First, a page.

I cycled the action several times and quickly became familiar with the straight-pull bolt. Dry-firing the trigger as it was set at the factory, I noted it required about 3 pounds of pull. I also noticed the magazine was easy to release and insert with one hand.

The integral 20-MOA Picatinny rail provided mounting solutions for a variety of optics. I chose the Leupold VX-5HD 3-15x44 mm riflescope. Using a Wheeler Engineering Professional Reticle Leveling System, I mounted the optic true to the bore. I shouldered the rifle to test the eye relief of the scope, as well as the length of pull and comb height of the stock. They all were comfortable, so I left the AccuFit system set as delivered from the factory.




Although I have fired all types of rifles during testing and in the field, I had never fired a straight-pull rifle. Before testing, I was suspicious of its value and thought it might cause confusion, as the motion during cycling differs from a traditional bolt action. My mind was changed quickly after time in the field with the Impulse Mountain Hunter. On the day of testing, I also tested a traditional bolt-action rifle, going back and forth between the two several times. While the motions are quite different, even my feeble brain learned the dynamics of operating the straight-pull action without forgetting how to cycle a conventional bolt action. After substantial practice and use, I am confident the straight-pull action would be substantially faster under the stresses of shooting in the field.

Similarly, I have never been a proponent of anything other than a crisp, conventional, single-stage trigger. After shooting various Savage rifles, including the Impulse Mountain Hunter, though, I have also come to appreciate the AccuTrigger. Since trigger adjustment is an easy accuracy improvement tool, a trigger that’s user-adjustable for a low pull weight is a huge boon for shooters—but only if it’s safe. “Safety first” should be every hunter’s mantra, and that order is easy to follow with the AccuTrigger. The trigger simply will not engage the sear unless pulled correctly.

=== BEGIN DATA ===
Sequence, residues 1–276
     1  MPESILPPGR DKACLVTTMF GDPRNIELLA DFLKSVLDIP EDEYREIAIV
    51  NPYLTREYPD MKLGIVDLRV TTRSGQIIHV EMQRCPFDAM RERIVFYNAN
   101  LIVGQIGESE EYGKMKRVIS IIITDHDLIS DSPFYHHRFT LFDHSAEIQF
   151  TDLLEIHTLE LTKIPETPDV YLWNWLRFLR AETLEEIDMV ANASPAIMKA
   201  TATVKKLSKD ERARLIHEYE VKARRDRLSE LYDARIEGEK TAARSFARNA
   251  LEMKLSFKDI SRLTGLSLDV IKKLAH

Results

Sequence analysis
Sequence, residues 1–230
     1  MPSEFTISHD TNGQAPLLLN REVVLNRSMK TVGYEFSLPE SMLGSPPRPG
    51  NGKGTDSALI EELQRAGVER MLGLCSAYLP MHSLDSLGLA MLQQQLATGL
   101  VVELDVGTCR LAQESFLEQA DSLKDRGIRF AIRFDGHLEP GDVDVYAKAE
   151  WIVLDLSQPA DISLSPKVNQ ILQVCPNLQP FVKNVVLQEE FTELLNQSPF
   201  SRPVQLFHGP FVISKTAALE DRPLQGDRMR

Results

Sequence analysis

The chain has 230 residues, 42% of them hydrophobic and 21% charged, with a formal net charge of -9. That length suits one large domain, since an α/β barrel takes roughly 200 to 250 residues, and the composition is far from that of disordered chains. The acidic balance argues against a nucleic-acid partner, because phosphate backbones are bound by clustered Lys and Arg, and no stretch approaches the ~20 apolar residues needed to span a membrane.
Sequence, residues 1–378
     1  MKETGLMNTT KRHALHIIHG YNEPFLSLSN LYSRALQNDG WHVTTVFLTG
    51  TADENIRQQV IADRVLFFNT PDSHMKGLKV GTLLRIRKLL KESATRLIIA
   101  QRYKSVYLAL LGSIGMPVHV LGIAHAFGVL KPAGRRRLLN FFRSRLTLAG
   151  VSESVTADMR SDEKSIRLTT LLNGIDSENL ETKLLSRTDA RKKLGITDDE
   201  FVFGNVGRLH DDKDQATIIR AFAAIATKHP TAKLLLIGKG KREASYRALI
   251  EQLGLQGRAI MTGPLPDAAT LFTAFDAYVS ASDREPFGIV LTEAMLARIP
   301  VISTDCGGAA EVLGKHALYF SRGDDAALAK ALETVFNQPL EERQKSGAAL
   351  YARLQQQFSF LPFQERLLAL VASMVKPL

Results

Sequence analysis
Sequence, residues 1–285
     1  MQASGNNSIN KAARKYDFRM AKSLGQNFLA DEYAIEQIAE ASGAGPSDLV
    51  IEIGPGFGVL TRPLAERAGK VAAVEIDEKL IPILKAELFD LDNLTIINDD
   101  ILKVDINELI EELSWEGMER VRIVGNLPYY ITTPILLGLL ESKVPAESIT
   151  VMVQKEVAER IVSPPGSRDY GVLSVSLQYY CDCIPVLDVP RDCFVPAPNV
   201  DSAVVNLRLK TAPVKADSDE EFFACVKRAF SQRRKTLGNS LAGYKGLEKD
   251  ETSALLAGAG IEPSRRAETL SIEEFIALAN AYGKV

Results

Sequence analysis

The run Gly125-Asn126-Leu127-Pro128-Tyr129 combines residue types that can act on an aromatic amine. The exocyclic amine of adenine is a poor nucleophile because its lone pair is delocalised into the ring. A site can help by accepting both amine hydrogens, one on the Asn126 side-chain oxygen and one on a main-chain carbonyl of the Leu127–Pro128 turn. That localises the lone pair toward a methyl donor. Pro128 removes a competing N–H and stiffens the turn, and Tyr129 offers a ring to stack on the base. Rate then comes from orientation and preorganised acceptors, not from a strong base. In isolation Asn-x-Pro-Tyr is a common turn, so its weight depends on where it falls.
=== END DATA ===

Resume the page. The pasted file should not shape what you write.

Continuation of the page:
Finally, I have found Savage rifles with the AccuStock to be great performers with regards to accuracy. The Impulse Mountain Hunter falls into that category as well. Both the Hornady and Federal Premium loads I tested produced sub-MOA groups. The Hornady ELD Match 140-grain bullet performed excellently, with three-shot groups measuring 0.64 inch, and the Federal load with the 130-grain Barnes TSX bullet wasn’t far behind.

Recommended


Savage’s commitment to accuracy, handling and fit is obvious in the Impulse Mountain Hunter. The rifle is well-suited to meet the requirements of the most meticulous hunter on almost any terrain.

Savage Arms Impulse Mountain Hunter Rifle
Besides a Proof Research barrel, the rifle features a tang safety, integral Picatinny rail and polymer stock that is user-adjustable for length of pull and comb height. (Photos: Darren Choate [insets]; Savage Arms)
Savage Impulse Mountain Hunter
  • Info: savagearms.com
  • Type: straight-pull bolt-action centerfire rifle
  • Caliber: 6.5 Creedmoor
  • Barrel: 22”; Proof Research carbon-fiber-wrapped stainless steel with muzzle brake
  • Trigger: user-adjustable AccuTrigger; 3-pound pull weight
  • Safety: two-position; tang-mounted slide
  • Magazine: detachable box; 4-round capacity
  • Sights: none; integral Picatinny rail for mounting optics
  • Stock: polymer AccuStock with user-adjustable AccuFit system
  • Finish: matte black
  • Overall Length: 44 3/4 inches
  • Weight: 7.16 poounds
  • Price $2,439

Shooting Results
  • Load: Federal Premium Barnes TSX
  • Bullet Weight: 130 grs.
  • Muzzle Velocity: 2,826 fps
  • Average Group: 0.89"

  • Load: Hornady ELD Match
  • Bullet Weight: 140 grs.
  • Muzzle Velocity: 2,523 fps
  • Average Group: 0.64"

Muzzle velocity is the average of three consecutive shots fired through a Caldwell G2 chronograph at 10 feet. Accuracy is the average of three consecutive, three-shot groups fired from a sandbag rest at 
100 yards.